The issue of U.S.-Saudi nuclear energy cooperation has become a flash point in the broader conflict between the White House and Capitol Hill over U.S. relations with Saudi Arabia. Members of Congress have questioned whether the kingdom should be trusted with U.S. nuclear energy technology in light of the CIA conclusion that Crown Prince Mohammed played a part in Khashoggi’s murder, an assessment the Saudis deny.

Saudi Arabia is reviewing bids by firms from several countries to build nuclear reactors in the kingdom. The Trump administration wants American companies to win the work, and the authorizations give U.S. firms the ability to share information as they make their pitches to the Saudis. The administration is trying to thwart efforts by China and Russia to export nuclear reactors to Saudi Arabia and other nations.

Yet the Trump administration’s support for Saudi Arabia goes beyond nuclear energy export policy. Riyadh has emerged as one of the Trump administration’s top allies, particularly as Washington aims to crack down on Iran, Saudi Arabia’s chief Middle East rival.

President Donald Trump’s declaration that the U.S. stands in solidarity with Saudi Arabia following Khashoggi’s killing drew criticism from both sides of the aisle.

Kaine is part of a group of bipartisan senators who introduced legislation in April that would give Congress greater oversight of the executive branch’s power to allow companies to engage in nuclear energy cooperation with foreign countries.

Kaine on Tuesday called out the Trump administration for “citing a bogus emergency to bypass a Congressional block on arms sales to the Saudis, continuing support for the disastrous war in Yemen over Congressional objections, turning a blind eye to the regime’s detention of women’s rights activists, and refusing to comply with the Global Magnitsky Act to reach a determination about the Saudi government’s responsibility for the murder of Jamal Khashoggi.”

The White House did not respond to a request for comment.


Company: cnbc, Activity: cnbc, Date: 2019-06-04  Authors: tom dichristopher
Keywords: news, cnbc, companies, energy, approved, nuclear, transfers, khashoggi, murder, relations, administration, saudi, arabia, killing, information, trump, saudis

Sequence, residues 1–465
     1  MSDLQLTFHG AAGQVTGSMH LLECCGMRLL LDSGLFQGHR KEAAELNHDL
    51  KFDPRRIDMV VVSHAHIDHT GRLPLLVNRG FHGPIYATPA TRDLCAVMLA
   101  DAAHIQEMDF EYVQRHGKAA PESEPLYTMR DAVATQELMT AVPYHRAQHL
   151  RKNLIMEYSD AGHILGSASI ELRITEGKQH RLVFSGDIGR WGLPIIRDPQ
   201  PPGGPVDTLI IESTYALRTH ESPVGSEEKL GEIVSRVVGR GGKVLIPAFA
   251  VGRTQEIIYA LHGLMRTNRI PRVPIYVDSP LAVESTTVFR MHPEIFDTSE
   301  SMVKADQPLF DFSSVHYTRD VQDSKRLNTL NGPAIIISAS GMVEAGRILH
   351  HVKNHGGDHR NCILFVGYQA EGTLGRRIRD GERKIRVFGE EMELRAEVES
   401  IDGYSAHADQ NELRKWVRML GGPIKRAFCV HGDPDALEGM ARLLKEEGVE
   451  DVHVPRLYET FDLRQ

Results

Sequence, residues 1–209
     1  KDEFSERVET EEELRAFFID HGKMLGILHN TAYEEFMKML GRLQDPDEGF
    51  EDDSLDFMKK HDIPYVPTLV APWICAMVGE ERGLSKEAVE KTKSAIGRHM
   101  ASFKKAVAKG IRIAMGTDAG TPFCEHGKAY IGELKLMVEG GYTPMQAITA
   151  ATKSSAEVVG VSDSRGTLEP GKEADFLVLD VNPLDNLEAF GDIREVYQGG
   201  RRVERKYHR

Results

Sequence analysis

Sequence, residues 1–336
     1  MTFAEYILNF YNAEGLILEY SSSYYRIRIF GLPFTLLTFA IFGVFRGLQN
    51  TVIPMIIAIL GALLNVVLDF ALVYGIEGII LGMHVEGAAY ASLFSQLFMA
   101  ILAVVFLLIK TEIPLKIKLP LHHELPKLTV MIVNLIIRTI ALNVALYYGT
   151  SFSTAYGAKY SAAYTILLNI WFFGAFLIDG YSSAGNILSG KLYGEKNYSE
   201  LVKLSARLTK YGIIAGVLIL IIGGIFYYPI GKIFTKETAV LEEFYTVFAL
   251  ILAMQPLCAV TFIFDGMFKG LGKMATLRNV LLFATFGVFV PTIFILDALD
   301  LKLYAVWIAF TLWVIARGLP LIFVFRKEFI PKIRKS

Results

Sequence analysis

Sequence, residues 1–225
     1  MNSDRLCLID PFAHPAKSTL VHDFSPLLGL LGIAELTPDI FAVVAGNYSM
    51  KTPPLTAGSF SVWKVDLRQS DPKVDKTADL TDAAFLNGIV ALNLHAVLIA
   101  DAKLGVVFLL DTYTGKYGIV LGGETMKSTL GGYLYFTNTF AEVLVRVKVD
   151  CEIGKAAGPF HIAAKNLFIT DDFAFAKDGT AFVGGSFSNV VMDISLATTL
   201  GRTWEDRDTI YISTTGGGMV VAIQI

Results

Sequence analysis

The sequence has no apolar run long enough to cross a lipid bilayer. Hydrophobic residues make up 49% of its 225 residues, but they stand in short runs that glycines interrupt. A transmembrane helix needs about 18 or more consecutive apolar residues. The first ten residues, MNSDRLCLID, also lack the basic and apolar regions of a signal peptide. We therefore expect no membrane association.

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After Mueller findings, US-Russian relations can hopefully ‘start again,’ VTB’s Kostin says

The Mueller report’s findings that President Donald Trump did not collude with Russia to influence the 2016 election should help to improve relations between the U.S. and Russia, Andrey Kostin, the chairman and president of VTB Bank, told CNBC. “Hopefully, the Mueller report will help to start a rethink (of) the attitude of American politicians towards Russia and maybe we’ll have a new start in our relationship with the United States, hopefully,” Kostin told CNBC’s Geoff Cutmore in Moscow, Wedne


The Mueller report’s findings that President Donald Trump did not collude with Russia to influence the 2016 election should help to improve relations between the U.S. and Russia, Andrey Kostin, the chairman and president of VTB Bank, told CNBC. “Hopefully, the Mueller report will help to start a rethink (of) the attitude of American politicians towards Russia and maybe we’ll have a new start in our relationship with the United States, hopefully,” Kostin told CNBC’s Geoff Cutmore in Moscow, Wedne
After Mueller findings, US-Russian relations can hopefully ‘start again,’ VTB’s Kostin says Cached Page below :
Company: cnbc, Activity: cnbc, Date: 2019-04-24  Authors: holly ellyatt, andrey rudakov, bloomberg, getty images
Keywords: news, cnbc, companies, relations, start, findings, president, election, trump, usrussian, sanctions, hopefully, russia, relationship, vtbs, mueller, told, report, kostin


After Mueller findings, US-Russian relations can hopefully 'start again,' VTB's Kostin says